Antibody generation

Definition

Antibody generation is the production of antibodies from cells or animals in sufficient quantity to be used as an experimental or therapeutic reagent. Polyclonal antibody mixtures are generated by injecting an animal with an agent that elicits an immune response, and monoclonal antibodies are generated from immortal immune cell lines.

Latest Research and Reviews

News and Comment

  • Comments and Opinion |

    We convened an ad hoc International Working Group for Antibody Validation in order to formulate the best approaches for validating antibodies used in common research applications and to provide guidelines that ensure antibody reproducibility. We recommend five conceptual 'pillars' for antibody validation to be used in an application-specific manner.

    • Mathias Uhlen
    • , Anita Bandrowski
    • , Steven Carr
    • , Aled Edwards
    • , Jan Ellenberg
    • , Emma Lundberg
    • , David L Rimm
    • , Henry Rodriguez
    • , Tara Hiltke
    • , Michael Snyder
    •  & Tadashi Yamamoto
    Nature Methods 13, 823–827
  • Comments and Opinion |

    The challenges posed by the biology of the virus remain a barrier to obtaining a complete cure using current antivirals and to developing a working vaccine that will protect from infection and clear disease. Researchers are keenly working to uncover how to elicit long-term broadly neutralizing antibody responses in humans that will protect against infection from all HIV clades and to ensure that people already infected will also have a chance at clearing the virus and being cured. In “Bedside to Bench,” Florian Klein and Henning Gruell discuss a recent study that tracked how broadly neutralizing antibodies developed in an HIV-infected individual during the natural course of the disease. The findings will help create a roadmap to identify the necessary steps to induce antibody maturation for achieving a broad and potent protective humoral response. Another important aspect that defies HIV eradication in infected individuals is the existence of viral reservoirs that allow the virus to hide from antiviral killing. In “Bench to Bedside,” Robert Siliciano peruses recent advances in animal models providing evidence that eliciting effector memory cellular responses to HIV may help eradicate—or prevent the establishment of—latent reservoirs. This strategy could contribute to clearing HIV in treated infected individuals and add to the protection of a humoral vaccine response.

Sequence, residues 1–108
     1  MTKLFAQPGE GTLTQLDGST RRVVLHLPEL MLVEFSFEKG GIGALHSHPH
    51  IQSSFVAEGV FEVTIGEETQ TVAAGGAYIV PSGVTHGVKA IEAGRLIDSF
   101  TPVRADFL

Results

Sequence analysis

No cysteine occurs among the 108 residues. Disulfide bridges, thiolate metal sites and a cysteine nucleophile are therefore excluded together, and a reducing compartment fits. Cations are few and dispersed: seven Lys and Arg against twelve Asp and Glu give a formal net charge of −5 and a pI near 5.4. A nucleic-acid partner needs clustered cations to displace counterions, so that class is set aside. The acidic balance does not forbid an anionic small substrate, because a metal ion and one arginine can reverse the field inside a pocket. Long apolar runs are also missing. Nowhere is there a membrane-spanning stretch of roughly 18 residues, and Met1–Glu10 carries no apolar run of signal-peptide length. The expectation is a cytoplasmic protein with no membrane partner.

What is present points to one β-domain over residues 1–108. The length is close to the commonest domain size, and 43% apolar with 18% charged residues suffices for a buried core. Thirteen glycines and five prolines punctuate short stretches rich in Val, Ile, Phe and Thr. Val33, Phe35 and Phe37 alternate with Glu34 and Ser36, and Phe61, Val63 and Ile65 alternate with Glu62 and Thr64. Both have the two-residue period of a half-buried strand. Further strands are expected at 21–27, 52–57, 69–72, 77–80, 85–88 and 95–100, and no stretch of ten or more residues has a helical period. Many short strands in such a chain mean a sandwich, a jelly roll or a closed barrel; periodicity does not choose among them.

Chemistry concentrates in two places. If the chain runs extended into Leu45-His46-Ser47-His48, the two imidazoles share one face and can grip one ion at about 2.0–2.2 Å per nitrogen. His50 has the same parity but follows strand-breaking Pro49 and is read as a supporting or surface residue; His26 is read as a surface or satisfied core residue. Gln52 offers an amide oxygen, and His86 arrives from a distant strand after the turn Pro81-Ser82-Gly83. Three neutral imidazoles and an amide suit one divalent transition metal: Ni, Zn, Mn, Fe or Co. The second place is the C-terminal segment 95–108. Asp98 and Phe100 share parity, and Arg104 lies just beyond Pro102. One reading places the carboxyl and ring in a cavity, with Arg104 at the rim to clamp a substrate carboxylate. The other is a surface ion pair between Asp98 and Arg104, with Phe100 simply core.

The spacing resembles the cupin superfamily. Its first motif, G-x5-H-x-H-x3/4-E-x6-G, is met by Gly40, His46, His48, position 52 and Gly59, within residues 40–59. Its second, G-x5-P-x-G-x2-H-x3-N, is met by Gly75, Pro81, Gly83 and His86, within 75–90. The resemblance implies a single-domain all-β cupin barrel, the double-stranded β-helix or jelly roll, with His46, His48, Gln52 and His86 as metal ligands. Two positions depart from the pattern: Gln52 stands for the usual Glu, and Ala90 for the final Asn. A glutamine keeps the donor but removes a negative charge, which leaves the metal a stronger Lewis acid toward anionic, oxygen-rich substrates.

• Henning Gruell
    •  & Florian Klein
    Nature Medicine 20, 478–479